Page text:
22 October 2006

Shaping the Future of Craft - Day Two (am)

This second day in Houston started with an examination of critical writing in craft and began with a tour de force from Glen Adamson
(V &A) and Edward S Cooke (Yale) in a 'master and apprentice' two hander covering craft history from the 1950's. The pair examined four periods; 1950's, 1960's, 1980 - 2000 and the present in an inner and outer dialectical approach. In this historical overview it was clear that craft has lacked any political or broader social awareness in much of the work that has been produced which in part is being remedyied in some contemporary work for example a recent exhibit which displayed fine silverware juxtaposed with slave shackles under the title metalwork! The focus in the now and in the future was on crafts engagement with the discourse.

The main suggestion was that craft should be grounded in the discourse. What do we think about this? I personally feel that what is unique about craft is that it has been grounded in its materials and holistic/organic way of seeing the world. If we expand this to include the discourse how does this affect craft as we know it? Most craft practitioners to date have been content to effectively ignore the discourse and concentrate on their relationship with their materials. Do the benefits of being engaged with the discourse outweigh the disadvantages?

We were encouraged to consider the stakes both economically and politically; think about the divergences with art and think about deeper integration. Simon Starlings Turner winning Shed Boat Shed was presented as an example of craft processes being used to trace embeddedness in the economy. If one word were to be used to sum up a vision of the future of craft it would be hybridisation. Craft techniques or processes being mixed with aspects of other disciplines to create something new. One speaker suggested that young artists are no longer married to their materials. What do we feel about this?

Much of the Q & A concentrated on the pedagogical implications of what had been heard and whether we should be aiming to build the person or build a society and what role the market should play in shaping craft education. It was further suggested that there is in fact a huge discourse surrounding the crafts but we prefer not to acknowledge it.

Speakers in subsequent sessions had a hard job following this act. A further session on critical writing followed with erudite contributions from Tanya Harrod, Maria Porges and Susan Yelavich. Tanya highlighted examples of craft as a form of critque where the work itself is taking more of a archeological than historicist turn. She cited an example of hand made ceramics in Stoke that effectively comments on Wedgewood who have relcoated their operations out of the UK on economic grounds. Her overarching message was that the economy will have an impact on the quality of the critical discourse. Another key theme emerging from the other speakers in this session was the increased reflexivity apparent in more recent work produced where craft has become interested in itself and student work has become much more self conscious. Ultimately contributors in this session felt that what was needed was a greater sense of our connection to the wider world and an awareness of the issues in the world.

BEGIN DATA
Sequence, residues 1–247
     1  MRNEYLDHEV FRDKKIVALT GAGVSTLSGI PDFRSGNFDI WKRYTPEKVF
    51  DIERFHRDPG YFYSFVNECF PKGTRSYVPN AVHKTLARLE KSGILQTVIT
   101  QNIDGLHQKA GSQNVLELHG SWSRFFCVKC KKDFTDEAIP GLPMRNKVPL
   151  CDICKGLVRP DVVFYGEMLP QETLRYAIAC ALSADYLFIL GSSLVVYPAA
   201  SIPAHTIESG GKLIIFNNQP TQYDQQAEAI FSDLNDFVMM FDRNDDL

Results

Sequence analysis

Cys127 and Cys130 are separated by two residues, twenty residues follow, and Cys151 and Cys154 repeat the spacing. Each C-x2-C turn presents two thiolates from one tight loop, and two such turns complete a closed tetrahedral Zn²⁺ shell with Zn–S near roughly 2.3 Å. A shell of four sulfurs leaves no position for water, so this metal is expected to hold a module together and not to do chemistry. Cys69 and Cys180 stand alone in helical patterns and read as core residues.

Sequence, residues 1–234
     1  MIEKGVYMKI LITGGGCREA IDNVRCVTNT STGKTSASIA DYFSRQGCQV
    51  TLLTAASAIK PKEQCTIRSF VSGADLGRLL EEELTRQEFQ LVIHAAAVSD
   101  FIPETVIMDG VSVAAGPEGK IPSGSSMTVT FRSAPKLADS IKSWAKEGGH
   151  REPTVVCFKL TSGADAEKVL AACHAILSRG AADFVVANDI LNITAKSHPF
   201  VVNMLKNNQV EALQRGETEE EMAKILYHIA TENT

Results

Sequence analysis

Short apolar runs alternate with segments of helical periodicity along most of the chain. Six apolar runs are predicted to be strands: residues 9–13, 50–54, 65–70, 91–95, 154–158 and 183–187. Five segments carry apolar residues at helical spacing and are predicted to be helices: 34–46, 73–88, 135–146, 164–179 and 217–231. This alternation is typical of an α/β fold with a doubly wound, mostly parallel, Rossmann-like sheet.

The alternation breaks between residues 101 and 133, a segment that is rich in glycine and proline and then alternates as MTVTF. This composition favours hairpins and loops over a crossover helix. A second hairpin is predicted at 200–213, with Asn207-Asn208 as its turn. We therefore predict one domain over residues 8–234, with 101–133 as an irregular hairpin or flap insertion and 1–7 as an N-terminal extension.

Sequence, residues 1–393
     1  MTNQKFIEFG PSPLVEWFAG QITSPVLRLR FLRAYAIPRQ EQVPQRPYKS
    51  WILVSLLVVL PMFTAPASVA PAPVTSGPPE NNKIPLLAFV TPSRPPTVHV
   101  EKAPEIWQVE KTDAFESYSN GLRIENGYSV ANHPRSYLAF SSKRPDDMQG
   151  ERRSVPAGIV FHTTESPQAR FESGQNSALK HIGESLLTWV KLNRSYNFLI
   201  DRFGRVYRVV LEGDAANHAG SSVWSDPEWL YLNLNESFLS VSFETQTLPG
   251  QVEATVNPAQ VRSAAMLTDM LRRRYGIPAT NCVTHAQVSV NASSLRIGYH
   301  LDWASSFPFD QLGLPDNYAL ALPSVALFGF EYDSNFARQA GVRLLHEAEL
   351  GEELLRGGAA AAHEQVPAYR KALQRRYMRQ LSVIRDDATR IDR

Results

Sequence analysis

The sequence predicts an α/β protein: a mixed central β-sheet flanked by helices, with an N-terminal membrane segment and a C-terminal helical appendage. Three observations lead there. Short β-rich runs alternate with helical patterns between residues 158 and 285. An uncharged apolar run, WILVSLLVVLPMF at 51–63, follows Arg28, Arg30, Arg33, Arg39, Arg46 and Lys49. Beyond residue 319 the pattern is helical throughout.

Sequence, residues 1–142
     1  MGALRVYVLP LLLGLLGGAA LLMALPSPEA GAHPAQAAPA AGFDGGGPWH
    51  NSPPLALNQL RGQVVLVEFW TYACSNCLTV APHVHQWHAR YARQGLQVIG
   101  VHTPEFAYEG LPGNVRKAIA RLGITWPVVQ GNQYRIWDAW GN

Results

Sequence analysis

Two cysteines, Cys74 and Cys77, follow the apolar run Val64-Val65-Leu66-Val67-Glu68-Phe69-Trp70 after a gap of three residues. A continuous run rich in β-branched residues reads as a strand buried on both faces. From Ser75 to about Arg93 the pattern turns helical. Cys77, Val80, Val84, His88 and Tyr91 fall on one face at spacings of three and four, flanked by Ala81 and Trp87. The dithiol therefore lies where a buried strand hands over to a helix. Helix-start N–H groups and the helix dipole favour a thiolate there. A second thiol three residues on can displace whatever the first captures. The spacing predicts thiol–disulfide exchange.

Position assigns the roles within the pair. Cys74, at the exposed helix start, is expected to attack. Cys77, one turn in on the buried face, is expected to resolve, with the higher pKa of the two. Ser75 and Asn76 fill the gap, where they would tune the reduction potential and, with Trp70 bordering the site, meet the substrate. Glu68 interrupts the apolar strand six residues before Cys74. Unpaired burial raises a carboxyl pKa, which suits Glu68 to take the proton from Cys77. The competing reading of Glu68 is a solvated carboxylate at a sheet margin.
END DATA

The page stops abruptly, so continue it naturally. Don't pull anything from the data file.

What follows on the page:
1 comment:

  1. The issues around crafts engaging the "discourse" are interesting, although sometimes it can seem too obvious, especially in student work. The history of connoisseurship shows us that a maker will always put something of their time and culture into the work, even if they are not trying so obviously to do so. A telling example is glass artist Josiah McElheny whose work was in at least 4 of the presentations. Of couse his work is extraordinary in it's skill and he does have some very good ideas. But the fact that he is engaging "modernism" gives all the pundits something to write about and has got him a review in Art in America and a forthcoming show at MOMA. I say good for Josiah, no sour grapes here at all. American ceramicist Betty Woodman is another extraordinary artist who has been honored with a major museum show at the Metropolitan Museum of Art in N.Y.C., which is a wonderful and rare thing for an artist working in a craft medium, and who also engages the discourse and gives people something to write about ( see John Perreault's writings on Woodman). I'd like to think more about the discourse itself, I suppose, and about how the best makers engage and connect with the world and the culture.

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